Lots of seniors find themselves suddenly dealing with a chronic runny nose. It’s an embarrassing problem and it can be irritating, too. Rhinitis is the medical term for irritation and inflammation of nasal membranes, which can lead to sneezing, stuffiness, and even a runny nose. Sometimes this condition goes away as quietly as it arrived. But sometimes it sticks around, which means it’s time to figure out the cause. Personal care at home can be helpful when seniors are trying to solve mysteries like this.
Symptoms of Chronic Runny Nose
There are a lot more symptoms associated with this type of issue than just a runny nose. Seniors might be clearing their throats a lot more often because of mucus buildup. They might also experience a diminished sense of smell or taste. Feeling as if their nasal passages are clogged could also be present. Pressure in the face and nasal crusting are additional symptoms that are typically related to chronic runny nose.
The environmental triggers for seniors could be similar to what they were when they were younger. That might include triggers like pollen, dust mites, mold, pet dander, and more. Seniors might find that they are more susceptible to some of these triggers at certain times of the year, like when spring pollen is much more present.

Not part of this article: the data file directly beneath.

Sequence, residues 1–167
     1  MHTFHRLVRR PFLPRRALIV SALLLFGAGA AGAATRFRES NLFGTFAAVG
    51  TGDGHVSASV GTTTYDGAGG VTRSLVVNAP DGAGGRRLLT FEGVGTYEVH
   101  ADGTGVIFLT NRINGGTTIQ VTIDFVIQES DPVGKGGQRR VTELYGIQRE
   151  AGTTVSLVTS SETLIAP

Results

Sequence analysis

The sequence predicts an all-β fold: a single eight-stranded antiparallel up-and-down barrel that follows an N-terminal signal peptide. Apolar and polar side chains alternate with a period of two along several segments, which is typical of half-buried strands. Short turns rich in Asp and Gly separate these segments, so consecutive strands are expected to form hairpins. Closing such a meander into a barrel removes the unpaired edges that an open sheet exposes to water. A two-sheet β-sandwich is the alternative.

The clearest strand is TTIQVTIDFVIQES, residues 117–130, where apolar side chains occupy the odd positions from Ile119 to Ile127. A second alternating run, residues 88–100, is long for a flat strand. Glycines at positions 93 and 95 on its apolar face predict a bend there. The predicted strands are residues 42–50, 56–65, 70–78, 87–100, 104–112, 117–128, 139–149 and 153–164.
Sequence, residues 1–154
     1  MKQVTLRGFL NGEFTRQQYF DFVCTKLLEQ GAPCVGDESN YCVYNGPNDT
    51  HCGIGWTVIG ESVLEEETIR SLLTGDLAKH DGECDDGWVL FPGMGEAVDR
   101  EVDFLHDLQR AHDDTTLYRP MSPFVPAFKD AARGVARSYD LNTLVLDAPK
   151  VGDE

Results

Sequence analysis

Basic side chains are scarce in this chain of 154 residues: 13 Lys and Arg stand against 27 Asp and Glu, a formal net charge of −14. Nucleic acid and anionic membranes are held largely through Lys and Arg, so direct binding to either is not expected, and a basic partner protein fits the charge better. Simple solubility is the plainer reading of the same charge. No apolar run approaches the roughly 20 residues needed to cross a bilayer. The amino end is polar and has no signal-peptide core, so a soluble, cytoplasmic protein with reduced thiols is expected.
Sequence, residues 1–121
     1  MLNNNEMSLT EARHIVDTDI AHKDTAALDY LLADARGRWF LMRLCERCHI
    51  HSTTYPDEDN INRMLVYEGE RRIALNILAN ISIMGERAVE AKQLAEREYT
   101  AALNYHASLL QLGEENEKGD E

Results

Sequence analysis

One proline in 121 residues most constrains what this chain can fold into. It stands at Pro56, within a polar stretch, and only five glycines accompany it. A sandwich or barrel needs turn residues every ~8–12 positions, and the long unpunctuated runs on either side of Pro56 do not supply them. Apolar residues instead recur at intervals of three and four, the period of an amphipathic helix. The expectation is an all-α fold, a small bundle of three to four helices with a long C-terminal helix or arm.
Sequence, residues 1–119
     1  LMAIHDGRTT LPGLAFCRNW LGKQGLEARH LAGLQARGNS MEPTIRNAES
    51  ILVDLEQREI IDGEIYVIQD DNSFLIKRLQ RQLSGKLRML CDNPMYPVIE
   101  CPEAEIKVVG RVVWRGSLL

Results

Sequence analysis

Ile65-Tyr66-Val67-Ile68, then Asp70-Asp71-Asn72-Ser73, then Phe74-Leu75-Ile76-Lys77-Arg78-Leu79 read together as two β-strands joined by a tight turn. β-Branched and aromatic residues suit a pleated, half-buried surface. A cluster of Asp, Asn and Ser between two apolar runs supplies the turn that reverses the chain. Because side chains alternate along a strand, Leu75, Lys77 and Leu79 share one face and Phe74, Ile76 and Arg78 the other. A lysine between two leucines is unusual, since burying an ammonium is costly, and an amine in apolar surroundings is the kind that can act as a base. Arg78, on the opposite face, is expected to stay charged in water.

Sometimes health issues are to blame for a chronic runny nose. Allergies can fall under this category, but so can chronic upper respiratory infections that just won’t leave. Hormonal changes as well as nasal polyps are additional health issues that can cause a chronic runny nose. If health issues are suspected, it’s a good idea to see a doctor right away.
Side Effects from Medications
It’s also possible that some medications that keep chronic health issues under control have side effects that aren’t that much fun, like a constant runny nose. The most typical culprits here are blood pressure medications, decongestant nasal sprays, anti-inflammatory medications, and some psychiatric drugs. It’s important to weigh the side effects against how well the medications treat the problem they’re prescribed to treat before making changes.
Food and eating can also cause a chronic runny nose. Gustatory rhinitis can occur when people eat spicy foods. Allergic rhinitis is more severe because food allergies can become life-threatening. If seniors suddenly feel unable to breathe after eating, they need to seek medical attention immediately. Tracking symptoms and keeping a food log can help to narrow down food triggers. Home care providers can help seniors to do this more easily.
Treating chronic runny nose starts with a trip to the doctor. Seniors might benefit from home remedies, however. Personal care at home can help seniors to set up and maintain humidifiers and remember to take medications their doctors prescribe. Caregivers can also help to ensure that seniors are comfortable and that they have everything they need, like plenty of soft tissues, to keep their chronic runny nose from becoming too much of an irritating problem.
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